Perhaps the most controversial use of team orders was the 2008 Singapore Grand Prix, where the Renault F1 team used team orders to cause Nelson Piquet, Jr to crash deliberately on the fourteenth lap of the race so safety car could be triggered, to allow teammate Alonso to win the race. Similar team orders came into play in the 2013 Federated Auto Parts 400 at Richmond in the final race of the NASCAR Sprint Cup Series' regular season, when Michael Waltrip Racing driver Martin Truex, Jr. was aided by the spin of teammate Clint Bowyer and a slow pit stop for Richard Childress Racing driver Ryan Newman to overtake Newman for the second Chase wild card spot; further team orders between Front Row Motorsports and Penske Racing saw Penske driver Joey Logano take the final guaranteed spot in the Chase over Jeff Gordon, whose Hendrick Motorsports teammate Kasey Kahne had already clinched the first wild card ahead of the race.
Team orders in NASCAREdit
This section does not cite any sources. (July 2014) (Learn how and when to remove this template message)
Team orders became a serious issue during the 2013 Federated Auto Parts 400 on 7 September 2013, when an elaborate scheme involving the last race of the regular season before the Chase for the Sprint Cup erupted, causing officials to make serious rule changes.
With five teams involved in the race for the final two regular and both wild card slots -- Richard Childress Racing satellite Furniture Row Racing, Hendrick Motorsports and its respective satellite Stewart-Haas Racing, Michael Waltrip Racing, and Penske Racing—for the ten-race playoff, an elaborate scheme erupted in the waning stages of the race.
Ryan Newman (Stewart-Haas) was leading the race with less than ten laps remaining, and the standings had Kurt Busch (Furniture Row) in ninth, Jeff Gordon (Hendrick) in tenth by two points, with the two wild cards being Kasey Kahne (Hendrick) and Newman, both of which would have two race wins. This would shut out Joey Logano (Penske), who was in the top ten prior to the race but struggling and now trailing Gordon by two points, and Martin Truex, Jr. (Michael Waltrip), who also has one win.
Logano, down two laps, talked with fellow Ford team Front Row Motorsports driver David Gilliland about allowing Logano to pass him to gain points, as he was two points behind Gordon for tenth place in the points. With Newman leading, Logano had to be in tenth or Logano would be out of a Chase position. Truex's teammate Clint Bowyer intentionally spun and caused a caution in an effort to assist his teammate. Ensuing pit stops knocked Newman to third. Logano, who was two laps behind, did not pit and was able to advance ahead one lap as the leader must be the first car on the restart.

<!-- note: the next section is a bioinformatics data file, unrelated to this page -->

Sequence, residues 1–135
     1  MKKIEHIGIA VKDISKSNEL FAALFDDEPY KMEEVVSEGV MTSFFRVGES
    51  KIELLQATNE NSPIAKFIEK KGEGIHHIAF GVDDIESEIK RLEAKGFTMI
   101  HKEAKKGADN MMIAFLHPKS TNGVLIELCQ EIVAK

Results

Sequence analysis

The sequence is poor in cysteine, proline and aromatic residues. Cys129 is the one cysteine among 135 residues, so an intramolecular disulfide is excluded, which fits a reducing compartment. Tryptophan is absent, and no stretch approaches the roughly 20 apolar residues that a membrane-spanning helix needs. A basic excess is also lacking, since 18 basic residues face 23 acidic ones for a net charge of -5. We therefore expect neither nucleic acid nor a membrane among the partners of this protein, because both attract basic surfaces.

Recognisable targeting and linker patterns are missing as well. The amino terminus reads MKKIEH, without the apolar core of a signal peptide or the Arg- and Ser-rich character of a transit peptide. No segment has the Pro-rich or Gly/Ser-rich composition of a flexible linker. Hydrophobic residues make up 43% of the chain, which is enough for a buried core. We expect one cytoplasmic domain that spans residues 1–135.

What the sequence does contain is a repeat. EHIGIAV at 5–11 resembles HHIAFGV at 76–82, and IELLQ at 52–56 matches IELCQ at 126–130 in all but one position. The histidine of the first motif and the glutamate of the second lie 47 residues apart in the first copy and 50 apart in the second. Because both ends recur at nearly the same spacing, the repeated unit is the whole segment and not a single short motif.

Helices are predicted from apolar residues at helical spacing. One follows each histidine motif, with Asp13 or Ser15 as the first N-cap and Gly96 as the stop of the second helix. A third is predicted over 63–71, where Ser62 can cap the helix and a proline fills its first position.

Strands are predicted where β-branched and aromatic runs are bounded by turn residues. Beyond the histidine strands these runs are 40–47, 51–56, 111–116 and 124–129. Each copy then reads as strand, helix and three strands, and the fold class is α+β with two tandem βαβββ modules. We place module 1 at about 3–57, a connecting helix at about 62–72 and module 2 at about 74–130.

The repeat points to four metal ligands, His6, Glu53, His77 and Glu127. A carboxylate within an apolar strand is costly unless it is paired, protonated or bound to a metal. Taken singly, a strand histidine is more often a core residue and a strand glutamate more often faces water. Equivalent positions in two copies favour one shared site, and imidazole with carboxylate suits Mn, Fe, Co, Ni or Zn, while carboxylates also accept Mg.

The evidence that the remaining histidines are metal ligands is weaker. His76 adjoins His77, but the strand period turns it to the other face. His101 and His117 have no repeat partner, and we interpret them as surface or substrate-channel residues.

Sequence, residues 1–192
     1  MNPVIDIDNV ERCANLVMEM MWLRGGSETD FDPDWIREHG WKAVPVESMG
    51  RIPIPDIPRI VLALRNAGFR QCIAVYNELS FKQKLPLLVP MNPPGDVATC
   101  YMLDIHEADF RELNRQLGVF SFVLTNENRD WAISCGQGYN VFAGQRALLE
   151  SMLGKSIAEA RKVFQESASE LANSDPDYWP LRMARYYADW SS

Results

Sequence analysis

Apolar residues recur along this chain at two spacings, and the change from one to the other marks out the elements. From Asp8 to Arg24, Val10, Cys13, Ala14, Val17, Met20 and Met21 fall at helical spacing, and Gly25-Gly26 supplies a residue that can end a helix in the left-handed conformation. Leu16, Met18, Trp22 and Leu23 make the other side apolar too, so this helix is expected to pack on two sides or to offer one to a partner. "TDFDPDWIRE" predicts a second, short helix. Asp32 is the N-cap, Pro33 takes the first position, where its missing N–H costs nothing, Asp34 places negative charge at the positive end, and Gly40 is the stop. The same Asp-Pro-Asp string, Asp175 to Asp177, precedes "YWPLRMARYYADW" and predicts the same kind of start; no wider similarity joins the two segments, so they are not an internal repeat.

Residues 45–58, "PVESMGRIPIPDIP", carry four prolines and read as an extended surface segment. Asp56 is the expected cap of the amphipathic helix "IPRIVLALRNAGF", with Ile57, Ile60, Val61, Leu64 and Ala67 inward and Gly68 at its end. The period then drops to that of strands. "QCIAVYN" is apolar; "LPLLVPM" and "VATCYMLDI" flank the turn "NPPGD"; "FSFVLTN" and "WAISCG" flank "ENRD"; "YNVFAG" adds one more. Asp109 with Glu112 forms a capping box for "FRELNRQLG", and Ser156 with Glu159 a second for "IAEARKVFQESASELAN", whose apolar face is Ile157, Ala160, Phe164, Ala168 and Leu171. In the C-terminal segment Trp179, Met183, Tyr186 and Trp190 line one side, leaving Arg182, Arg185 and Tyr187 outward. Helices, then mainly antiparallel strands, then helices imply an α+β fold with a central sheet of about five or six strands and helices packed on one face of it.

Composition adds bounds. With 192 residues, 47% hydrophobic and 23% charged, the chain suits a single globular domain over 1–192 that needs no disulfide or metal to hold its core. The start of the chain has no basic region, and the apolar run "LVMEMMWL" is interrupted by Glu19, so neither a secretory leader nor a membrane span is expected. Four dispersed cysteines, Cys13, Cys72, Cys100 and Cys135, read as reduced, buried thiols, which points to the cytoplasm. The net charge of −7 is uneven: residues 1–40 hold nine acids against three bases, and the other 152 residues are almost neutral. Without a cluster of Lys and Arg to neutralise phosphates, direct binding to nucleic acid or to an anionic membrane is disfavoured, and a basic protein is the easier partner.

In order to allow the team orders for Michael Waltrip Racing to succeed, the elaborate scheme, which was independent of each other, took place. Bowyer pitted after the restart to go down laps in order to allow Logano to have one point, and teammate Brian Vickers did the same thing, and go very slow in the final lap, possibly below NASCAR's minimum speed requirement. This would allow Logano to pass Gordon, who without a win loses a tiebreaker to Logano. Logano then passes Gilliland. Truex races hard and ties Newman, tying Newman on the first count (most wins, one), and the second count (points), winning the third count (most second-place finishes).
Section 12, Rule 4, Article L in the current NASCAR rule book
Immediately after the race, the ESPN television broadcast aired Bowyer's radio transmission in the laps leading to the safety car situation, before signing off the broadcast. This led to an immediate investigation where NASCAR uncovered via team radios the complex team orders scheme, suspending Michael Waltrip Racing officials, stripping Truex of his playoff position, a $100,000 fine per car on the team, and a 50-point penalty each on all three teams (driver and owner except the #55 of Vickers, a Nationwide Series driver ineligible for Sprint Cup points, which was penalised as owner only). Probations were assessed on Front Row and Penske teams after NASCAR uncovered the radio chatter for that team orders scheme. Gordon and Newman were each reinstated to the twelve-car playoff, which increased to thirteen after Gordon was added.